Battery Electrolyte Tester:
A handy tool for transferring sulfuric acid from car battery to the inside of your toolbox after determining that your battery is dead as a doornail, just as you thought.

Trouble Light:
The mechanic's own tanning booth. Sometimes called a drop light, it is a good source of vitamin D, "the sunshine vitamin", which is not otherwise found under cars at night. Health benefits aside, its main purpose is to consume 40-watt light bulbs at about the same rate that 105-mm howitzer shells might be used during, say, the first few hours of the Battle of the Bulge. More often dark than light, its name is somewhat misleading.

Phillips Screwdriver:
Normally used to stab the lids of old-style paper-and-tin oil cans and splash oil on your shirt; can also be used, as the name implies, to round off Phillips screw heads.

Air Compressor:
A machine that takes energy produced in a coal-burning power plant 200 miles away and transforms it into compressed air that travels by hose to a Chicago Pneumatic impact wrench that grips rusty suspension bolts last tightened 40 years ago by someone in Abingdon, Oxfordshire, and rounds them off.
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post #2 of 3 Old Jun 3rd, 2006, 4:09 pm
 
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Talking

Funny funny stuff! Thanks!
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post #3 of 3 Old Jun 4th, 2006, 8:49 am
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Good one1
Couple more:

Adjustable wrench: Used to round off nuts and bolts. That is the second best application for this tool. Best is as a hammer substitute.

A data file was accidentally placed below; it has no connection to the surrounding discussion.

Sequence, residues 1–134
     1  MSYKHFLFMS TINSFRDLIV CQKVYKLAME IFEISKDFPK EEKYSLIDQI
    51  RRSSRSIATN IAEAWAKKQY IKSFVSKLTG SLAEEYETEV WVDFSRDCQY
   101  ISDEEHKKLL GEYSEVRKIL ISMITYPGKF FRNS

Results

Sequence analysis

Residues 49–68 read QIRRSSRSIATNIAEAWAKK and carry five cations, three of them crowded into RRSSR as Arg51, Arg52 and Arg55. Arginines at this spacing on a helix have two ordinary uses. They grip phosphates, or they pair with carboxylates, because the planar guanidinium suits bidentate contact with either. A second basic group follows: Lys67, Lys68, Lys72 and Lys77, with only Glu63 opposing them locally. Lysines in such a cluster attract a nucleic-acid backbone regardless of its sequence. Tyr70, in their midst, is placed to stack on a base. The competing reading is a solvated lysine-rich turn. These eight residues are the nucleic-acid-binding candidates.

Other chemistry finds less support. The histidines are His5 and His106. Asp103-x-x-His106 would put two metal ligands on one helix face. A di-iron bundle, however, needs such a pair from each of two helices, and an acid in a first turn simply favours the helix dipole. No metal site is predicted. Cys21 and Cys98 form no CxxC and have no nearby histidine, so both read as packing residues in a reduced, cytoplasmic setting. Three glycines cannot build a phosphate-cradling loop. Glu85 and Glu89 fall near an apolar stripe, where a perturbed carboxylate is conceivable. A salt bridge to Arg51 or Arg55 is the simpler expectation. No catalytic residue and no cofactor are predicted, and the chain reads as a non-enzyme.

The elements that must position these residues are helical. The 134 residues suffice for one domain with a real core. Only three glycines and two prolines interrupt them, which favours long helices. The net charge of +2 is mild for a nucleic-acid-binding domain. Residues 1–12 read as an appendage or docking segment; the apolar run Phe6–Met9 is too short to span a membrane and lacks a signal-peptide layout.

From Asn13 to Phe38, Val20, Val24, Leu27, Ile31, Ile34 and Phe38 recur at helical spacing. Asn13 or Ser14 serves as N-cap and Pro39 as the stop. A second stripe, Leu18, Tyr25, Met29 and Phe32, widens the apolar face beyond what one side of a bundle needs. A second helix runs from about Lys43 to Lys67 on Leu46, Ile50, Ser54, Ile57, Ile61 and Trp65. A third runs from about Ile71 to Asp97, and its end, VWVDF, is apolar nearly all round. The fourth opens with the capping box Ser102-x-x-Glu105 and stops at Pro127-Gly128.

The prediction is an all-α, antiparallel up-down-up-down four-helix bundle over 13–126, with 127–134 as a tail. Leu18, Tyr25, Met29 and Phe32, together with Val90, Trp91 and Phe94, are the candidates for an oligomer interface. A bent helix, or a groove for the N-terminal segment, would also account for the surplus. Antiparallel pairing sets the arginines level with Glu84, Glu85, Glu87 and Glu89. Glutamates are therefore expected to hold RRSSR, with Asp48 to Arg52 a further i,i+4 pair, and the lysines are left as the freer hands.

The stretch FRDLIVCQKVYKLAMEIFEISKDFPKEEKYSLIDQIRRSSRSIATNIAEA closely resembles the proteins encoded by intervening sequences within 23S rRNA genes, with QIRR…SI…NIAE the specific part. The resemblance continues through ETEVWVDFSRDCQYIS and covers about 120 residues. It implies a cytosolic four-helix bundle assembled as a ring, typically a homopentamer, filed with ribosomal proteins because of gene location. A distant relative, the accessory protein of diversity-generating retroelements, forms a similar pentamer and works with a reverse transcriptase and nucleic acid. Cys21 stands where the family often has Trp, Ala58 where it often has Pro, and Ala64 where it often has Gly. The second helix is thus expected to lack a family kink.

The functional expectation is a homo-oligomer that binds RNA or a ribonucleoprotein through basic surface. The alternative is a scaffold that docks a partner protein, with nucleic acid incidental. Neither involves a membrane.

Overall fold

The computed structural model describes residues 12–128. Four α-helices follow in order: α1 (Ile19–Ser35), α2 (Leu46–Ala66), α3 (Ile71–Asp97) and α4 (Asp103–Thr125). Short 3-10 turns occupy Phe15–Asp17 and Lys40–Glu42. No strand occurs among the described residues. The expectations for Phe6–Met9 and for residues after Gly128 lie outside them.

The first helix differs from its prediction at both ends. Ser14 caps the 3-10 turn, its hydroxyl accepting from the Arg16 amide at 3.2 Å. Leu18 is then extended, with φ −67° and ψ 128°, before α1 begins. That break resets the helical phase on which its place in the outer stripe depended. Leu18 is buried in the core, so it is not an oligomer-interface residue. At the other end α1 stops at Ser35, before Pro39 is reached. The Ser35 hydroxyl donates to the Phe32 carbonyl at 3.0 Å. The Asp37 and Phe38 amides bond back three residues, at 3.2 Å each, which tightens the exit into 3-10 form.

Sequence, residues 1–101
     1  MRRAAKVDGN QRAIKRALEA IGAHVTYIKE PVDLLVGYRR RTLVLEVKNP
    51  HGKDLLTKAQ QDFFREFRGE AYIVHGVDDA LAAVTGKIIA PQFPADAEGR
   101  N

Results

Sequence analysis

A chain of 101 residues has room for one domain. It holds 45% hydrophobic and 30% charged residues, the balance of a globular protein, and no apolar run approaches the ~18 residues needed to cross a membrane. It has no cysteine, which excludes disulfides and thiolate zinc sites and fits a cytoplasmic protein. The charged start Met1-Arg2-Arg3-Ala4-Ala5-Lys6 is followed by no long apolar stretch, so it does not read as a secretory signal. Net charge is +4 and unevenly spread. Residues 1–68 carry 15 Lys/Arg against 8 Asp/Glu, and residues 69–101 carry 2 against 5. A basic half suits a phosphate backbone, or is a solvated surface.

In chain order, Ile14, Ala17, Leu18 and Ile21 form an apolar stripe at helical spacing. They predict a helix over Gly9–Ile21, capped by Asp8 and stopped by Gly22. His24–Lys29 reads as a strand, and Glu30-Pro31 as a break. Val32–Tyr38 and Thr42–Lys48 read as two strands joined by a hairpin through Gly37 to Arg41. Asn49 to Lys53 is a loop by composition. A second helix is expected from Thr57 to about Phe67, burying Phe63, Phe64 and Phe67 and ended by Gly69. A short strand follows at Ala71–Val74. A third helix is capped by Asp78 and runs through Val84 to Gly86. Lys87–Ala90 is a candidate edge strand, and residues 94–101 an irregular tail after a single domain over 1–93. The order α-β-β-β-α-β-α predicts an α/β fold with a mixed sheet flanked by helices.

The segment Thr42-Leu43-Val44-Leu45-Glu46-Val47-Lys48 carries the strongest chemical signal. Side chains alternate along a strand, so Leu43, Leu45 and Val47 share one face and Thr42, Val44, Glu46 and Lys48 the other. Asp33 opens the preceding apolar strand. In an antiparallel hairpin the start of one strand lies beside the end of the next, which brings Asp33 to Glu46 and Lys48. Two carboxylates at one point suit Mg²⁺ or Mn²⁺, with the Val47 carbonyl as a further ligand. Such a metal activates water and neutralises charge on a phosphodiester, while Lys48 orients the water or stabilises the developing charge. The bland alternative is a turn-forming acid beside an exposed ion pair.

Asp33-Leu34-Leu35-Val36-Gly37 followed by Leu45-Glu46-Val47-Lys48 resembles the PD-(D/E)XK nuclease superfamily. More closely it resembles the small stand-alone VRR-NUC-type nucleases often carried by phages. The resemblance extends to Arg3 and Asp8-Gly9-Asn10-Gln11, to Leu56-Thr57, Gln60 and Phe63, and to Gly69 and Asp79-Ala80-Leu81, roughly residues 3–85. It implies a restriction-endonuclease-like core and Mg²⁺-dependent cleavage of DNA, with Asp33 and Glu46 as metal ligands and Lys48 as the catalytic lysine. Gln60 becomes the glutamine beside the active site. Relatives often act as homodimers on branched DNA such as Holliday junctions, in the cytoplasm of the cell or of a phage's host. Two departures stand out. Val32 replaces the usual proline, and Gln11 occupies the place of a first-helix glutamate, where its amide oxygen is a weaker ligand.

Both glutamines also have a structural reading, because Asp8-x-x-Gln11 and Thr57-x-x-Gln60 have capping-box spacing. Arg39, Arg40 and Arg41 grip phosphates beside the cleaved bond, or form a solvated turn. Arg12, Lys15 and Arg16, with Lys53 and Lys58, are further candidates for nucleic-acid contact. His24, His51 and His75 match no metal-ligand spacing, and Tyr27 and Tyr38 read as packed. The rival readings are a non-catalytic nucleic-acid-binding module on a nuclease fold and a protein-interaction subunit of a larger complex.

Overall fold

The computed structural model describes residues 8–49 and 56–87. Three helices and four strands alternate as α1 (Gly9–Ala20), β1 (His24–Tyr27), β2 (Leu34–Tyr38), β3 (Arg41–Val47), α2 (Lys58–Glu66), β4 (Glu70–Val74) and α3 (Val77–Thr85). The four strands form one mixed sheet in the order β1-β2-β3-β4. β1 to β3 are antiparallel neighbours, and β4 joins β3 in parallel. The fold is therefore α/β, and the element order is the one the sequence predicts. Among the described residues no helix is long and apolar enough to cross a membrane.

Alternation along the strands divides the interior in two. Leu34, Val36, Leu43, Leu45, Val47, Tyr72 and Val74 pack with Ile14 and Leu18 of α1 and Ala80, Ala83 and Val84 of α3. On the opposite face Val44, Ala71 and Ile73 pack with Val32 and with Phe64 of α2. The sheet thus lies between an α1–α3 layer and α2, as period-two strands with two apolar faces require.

Allen Wrench Set: Invented by someone named Allen. No known use other than to rust.

Arc welder: Used to cause temporary blindness. Also can be used to weld tools to a vice. Best use is to thaw frozen water pipes in the far north.

Sawzall: Best demolition tool ever. Can be used to destroy anything in short order. Most excellent vibrator, keep away from the girl friend.

Cement Blocks: Used to prop up cars when you take the wheels off to do brake or suspnsion work.

Budwieser: Essential refreshement needed to perform any maintenance task.

WD40: If it's supposed to move but doesn't, this should be your first course of action. Can also be used for a very long list of other applications

Duct tape: If its not supposed to move but does, use this, if it still moves, you didn't use enough, apply some more.

Tool box: Best used to stand on to get a better view or easier reach. Can Also be used as a substitute for a cement block.

Creeper: Excellent tool to use to take a nap oout of sight under something. Also can be used as a buggy to transprt heavy objects, does not do well on gravel.

Magnet: Cool device to make nuts and other parts stick together. Can also be used to pick up small parts you dropped just out of reach. Doesn't need duct tape to keep it from moving.

Die Grinder: Better than a wire wheel in some cases. Removes a lot of metal quick. Usually not a bad idea to call 911 and have them on their way before using this tool to minimize blood loss.

Wire welder: Device that dispenses wire, sometimes with sparks.

Zip ties: Almost as good as duct tape, don't last well on an exhaust system.

Sears/Craftsman Tool Catalog: Let your imagination run wild.

B D R